Not all insects in a garden are harmful
It is pretty likely that you have encountered bugs in your garden and maybe you have wondered if they were there to snack on your plants. The truth is that some insects are definitely there for a quick meal, while others are beneficial insects or are there to protect. Every organism, no matter the size, is important to the ecosystem you have built around your home. Resorting to chemical insecticides will only upset the balance and create even more pest problems. So if you’re wondering which good garden bugs can help your outdoors, look no further!
Beneficial Insects: Using Local Georgia insects
In Georgia, there are a multitude of beneficial insects that you may already be familiar with. These include ladybugs, the praying mantis, spiders, and beetles. These insects love to eat aphids which are popular pests in any garden. Beetles are useful when it comes to controlling cutworm and slug populations. Praying mantis’ usually feed on caterpillars and grasshoppers. Seeing these good garden bugs in your backyard is a good sign. It means less, if any, chemical inputs for you!
Good Garden Bugs: The Value of Nematodes
Perhaps one of the most underrated organisms that has proven to be extremely beneficial throughout history is the nematode. Nematodes are multicellular insects with smooth bodies. These beneficial nematodes attack insects with harmful bacteria and then parasitize them. They feed on harmful fungi and bacteria that may be in your soil to prevent disease in your garden.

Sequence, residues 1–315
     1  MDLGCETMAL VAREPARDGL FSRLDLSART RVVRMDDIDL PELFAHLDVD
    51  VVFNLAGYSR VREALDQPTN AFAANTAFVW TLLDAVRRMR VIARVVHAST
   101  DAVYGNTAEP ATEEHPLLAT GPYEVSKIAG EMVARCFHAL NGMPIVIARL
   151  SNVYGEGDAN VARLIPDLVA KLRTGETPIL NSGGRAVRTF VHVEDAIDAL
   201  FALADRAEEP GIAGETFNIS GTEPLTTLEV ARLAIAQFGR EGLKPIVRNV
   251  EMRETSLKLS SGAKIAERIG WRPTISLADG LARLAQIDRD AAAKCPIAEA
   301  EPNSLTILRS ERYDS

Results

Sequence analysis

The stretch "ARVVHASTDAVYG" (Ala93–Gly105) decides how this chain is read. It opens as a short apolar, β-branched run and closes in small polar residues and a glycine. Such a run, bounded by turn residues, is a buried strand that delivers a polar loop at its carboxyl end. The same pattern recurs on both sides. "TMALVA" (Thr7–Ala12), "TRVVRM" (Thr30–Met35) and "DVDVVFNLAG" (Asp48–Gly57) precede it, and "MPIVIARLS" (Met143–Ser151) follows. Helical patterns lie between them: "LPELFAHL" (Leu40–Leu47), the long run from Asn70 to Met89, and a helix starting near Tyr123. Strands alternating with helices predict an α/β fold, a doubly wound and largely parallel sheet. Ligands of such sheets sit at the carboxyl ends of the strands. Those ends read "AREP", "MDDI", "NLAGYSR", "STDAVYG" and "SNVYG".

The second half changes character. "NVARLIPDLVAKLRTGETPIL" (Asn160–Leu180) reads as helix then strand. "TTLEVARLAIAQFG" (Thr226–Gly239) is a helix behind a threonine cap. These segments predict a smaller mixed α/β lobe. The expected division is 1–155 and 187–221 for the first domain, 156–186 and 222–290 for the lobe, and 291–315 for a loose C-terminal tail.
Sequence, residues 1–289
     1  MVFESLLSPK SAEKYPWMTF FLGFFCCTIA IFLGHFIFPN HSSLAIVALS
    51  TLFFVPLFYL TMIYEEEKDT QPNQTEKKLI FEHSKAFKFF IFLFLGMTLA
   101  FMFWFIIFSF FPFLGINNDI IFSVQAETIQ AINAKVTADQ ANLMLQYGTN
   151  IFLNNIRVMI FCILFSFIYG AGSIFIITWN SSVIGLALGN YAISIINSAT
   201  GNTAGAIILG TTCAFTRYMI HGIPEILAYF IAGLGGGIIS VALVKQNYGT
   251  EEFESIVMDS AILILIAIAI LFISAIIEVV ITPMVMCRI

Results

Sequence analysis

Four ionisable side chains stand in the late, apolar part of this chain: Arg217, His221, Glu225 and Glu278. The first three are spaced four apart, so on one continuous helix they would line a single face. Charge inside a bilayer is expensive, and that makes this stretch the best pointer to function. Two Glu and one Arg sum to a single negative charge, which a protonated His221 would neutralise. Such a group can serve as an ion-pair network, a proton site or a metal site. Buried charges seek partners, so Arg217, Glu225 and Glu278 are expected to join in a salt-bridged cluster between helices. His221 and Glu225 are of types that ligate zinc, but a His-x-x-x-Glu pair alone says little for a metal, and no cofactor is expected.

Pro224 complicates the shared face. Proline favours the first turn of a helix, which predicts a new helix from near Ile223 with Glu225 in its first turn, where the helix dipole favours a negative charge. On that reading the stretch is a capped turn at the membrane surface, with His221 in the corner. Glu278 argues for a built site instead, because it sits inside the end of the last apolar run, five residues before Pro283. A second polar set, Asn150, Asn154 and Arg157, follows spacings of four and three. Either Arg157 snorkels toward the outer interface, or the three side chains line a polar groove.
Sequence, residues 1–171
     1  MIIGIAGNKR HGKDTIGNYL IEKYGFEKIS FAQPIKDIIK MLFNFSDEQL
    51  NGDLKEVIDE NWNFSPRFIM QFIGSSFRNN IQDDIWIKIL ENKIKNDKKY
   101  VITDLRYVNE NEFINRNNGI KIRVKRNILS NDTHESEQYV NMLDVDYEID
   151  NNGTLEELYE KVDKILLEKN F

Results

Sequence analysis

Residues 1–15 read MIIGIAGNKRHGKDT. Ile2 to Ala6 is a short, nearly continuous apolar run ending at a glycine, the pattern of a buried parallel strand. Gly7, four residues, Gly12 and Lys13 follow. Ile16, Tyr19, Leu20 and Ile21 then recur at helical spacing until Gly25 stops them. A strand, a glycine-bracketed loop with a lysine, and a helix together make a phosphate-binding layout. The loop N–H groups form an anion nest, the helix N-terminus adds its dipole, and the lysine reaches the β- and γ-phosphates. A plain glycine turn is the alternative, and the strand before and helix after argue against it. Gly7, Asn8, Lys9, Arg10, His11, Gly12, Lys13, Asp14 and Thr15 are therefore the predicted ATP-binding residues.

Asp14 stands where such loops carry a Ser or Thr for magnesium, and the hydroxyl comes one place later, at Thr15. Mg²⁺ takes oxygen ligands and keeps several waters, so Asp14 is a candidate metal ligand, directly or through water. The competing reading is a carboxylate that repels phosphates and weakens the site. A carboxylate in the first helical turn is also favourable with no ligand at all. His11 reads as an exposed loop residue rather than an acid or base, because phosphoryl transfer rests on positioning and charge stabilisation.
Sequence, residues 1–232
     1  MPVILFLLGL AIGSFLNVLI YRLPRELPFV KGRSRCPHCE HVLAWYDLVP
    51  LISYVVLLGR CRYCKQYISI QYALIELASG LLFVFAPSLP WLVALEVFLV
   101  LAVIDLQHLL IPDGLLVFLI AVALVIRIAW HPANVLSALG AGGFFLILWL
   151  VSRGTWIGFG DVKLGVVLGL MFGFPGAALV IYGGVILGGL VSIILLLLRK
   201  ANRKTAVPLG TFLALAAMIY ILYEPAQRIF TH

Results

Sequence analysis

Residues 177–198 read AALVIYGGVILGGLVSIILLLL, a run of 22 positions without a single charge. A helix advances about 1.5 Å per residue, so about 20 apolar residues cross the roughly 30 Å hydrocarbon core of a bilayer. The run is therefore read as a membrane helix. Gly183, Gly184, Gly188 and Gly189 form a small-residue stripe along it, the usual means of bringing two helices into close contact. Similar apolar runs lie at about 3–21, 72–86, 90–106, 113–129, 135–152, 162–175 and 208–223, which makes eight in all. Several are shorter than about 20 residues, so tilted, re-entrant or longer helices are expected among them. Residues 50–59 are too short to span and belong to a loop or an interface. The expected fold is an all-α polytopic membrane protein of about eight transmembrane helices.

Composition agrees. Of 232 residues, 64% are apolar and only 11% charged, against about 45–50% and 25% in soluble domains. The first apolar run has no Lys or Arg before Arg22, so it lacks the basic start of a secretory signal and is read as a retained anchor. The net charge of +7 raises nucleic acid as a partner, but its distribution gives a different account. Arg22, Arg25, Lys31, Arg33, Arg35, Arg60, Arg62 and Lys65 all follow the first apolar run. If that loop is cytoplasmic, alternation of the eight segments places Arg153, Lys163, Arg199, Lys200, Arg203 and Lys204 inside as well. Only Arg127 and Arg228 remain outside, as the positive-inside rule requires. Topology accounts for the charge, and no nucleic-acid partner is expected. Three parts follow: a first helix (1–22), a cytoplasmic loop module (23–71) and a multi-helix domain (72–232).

How to attract beneficial insects to your garden
Therefore, it is in your best interest to always include plants that attract pollinators and useful insects. You can include flowers like hibiscus, monarda spectate (Bee Balm), and Georgia catmint. Pollinators and beneficial insects are generally attracted to bright colors so there is no limitation to shrubs, flowers, or edibles that you can use to create a balanced system.
So to answer how insects benefit your garden: Allowing for the existence of insects in your garden helps keep a balance that is no longer vulnerable to invasive insects or disease above or below ground!